Used properly, your credit card can be your friend, not your foe.
By understanding how credit card interest really works, you can avoid four common mistakes. According to ASIC, the average card holder is paying around $700 in interest per year if their interest rate is between 15 to 20%p.a. Being able to understand how interest is charged and how a credit card really works can make managing your finances a lot less stressful.
Mistake # 1
If I buy this bag, I get 55 days interest free from today.
Credit cards typically have an interest free period. This period will not be the same for all cards, but usually range from 40-55 days. It’s important to understand the conditions relating to the interest free days, as it may not be applicable for all transactions. Interest free periods are only applicable when the balance is paid in full by the due date each month.
Statements are your friend, not a nasty reminder of how much you’ve spent in the last month. Check the due date on your statement as this date will differ between financial institutions. No guess work – your statement will also tell you what the closing balance is. Pay this balance in full by the due date, and you will receive the maximum interest free period on purchases.
If I keep paying the minimum repayments, I’ll stay on top of my card.
Sure, staying on top of the minimum repayments might help you avoid being chased for overdue payments and late fees, but you’ll find the time it takes to pay off your card by only making minimum repayments is quite sobering. If you have $5,000 of credit card debt and only make the minimum repayments, based on an interest rate of 16% p.a, it will take you over 26 years to pay it off and cost you around $8,350 in interest. But if you pay off $242 each month you’d pay off your debt in 2 years and save $7,552 in interest. (Source: ASICs Money Smart Credit Card Calculator)
If you’re struggling to pay it off, ask to reduce the limit say, every $500 paid off or refinance to a personal loan so you can be sure the debt will be paid out within 1-5 years.
Withdrawing cash is the same as buying something on the card.
Big, big mistake. Withdrawing cash from an ATM means you are charged interest from the day of the withdrawal and interest free days do not apply. The majority of credit cards will charge you higher interest for cash withdrawals, with some charging up to 22% p.a!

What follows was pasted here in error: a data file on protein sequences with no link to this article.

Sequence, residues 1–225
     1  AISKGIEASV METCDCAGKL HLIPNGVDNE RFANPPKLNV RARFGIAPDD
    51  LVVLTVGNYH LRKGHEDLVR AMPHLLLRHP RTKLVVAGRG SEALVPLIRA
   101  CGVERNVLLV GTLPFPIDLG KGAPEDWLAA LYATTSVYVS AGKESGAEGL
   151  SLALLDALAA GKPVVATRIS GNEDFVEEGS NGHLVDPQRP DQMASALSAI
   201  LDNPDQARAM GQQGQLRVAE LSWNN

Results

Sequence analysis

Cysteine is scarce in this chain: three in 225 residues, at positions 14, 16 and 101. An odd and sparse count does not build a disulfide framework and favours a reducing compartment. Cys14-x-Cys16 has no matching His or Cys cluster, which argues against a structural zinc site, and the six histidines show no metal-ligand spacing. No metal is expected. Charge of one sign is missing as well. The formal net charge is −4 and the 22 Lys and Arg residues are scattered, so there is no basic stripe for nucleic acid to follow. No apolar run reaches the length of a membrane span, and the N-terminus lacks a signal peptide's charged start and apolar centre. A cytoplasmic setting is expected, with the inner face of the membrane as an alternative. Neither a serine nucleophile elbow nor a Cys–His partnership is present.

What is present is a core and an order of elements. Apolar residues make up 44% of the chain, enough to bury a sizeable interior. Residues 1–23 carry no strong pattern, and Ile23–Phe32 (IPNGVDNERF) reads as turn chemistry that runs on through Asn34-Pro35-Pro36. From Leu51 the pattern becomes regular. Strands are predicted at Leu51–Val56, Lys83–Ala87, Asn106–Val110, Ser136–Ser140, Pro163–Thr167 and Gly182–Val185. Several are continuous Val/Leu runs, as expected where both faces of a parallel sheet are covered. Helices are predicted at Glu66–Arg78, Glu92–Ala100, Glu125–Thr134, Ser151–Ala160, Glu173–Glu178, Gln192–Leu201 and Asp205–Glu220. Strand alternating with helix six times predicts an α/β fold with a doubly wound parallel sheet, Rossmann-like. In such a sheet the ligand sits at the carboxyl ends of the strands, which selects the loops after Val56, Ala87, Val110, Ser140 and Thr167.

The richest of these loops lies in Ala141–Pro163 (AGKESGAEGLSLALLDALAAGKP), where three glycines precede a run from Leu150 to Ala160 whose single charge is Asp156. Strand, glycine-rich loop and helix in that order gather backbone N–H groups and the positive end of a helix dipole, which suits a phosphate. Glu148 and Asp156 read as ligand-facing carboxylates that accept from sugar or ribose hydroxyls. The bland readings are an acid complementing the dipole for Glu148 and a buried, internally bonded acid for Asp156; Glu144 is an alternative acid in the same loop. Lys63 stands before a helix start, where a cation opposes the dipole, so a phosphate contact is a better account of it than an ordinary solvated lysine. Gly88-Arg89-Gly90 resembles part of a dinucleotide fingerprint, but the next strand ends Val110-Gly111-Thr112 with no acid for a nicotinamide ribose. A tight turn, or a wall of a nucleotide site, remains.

Choose a credit card like Easy Street’s Easy Low Rate Visa Credit Card, because if you do need to withdraw cash, you’ll only get charged the same low rate as a purchase – currently 8.99% p.a*.
I don’t pay off the balance in full each month, but I’m earning rewards so it’s worth it!
Once you add up the interest you are being charged for not paying off the closing balance in full each month, coupled with the annual fee (which is typically higher for rewards cards), you may find that the net benefit is not as high as you thought. Rewards credit cards are better suited to people who pay their balance off each month.
If you find it hard to keep on top of your expenses and repayments, a low rate credit card like Easy Street’s Easy Low Rate Credit Card may be the best option for you. Even though you will have interest payable, you can rest assured you’ll be charged one of the lowest credit card rates in Australia, even on cash advances.
Don’t stick your head in the sand
If you’d like to get on top of your credit card, see how much better off you could be with Easy Street’s Easy Low Rate Visa Credit Card.
Credit eligibility criteria, terms & conditions, fees & charges apply. *Rate is current as at 09/12/16 and subject to change without notice.
This is general advice only and does not take into account your objectives, financial situation or needs(your “personal circumstances”). Before deciding whether to buy any product you should consider your personal circumstances.
Easy Street is a division of Community First Credit Union Limited ABN 80 087 649 938| AFSL and Australian credit licence 231204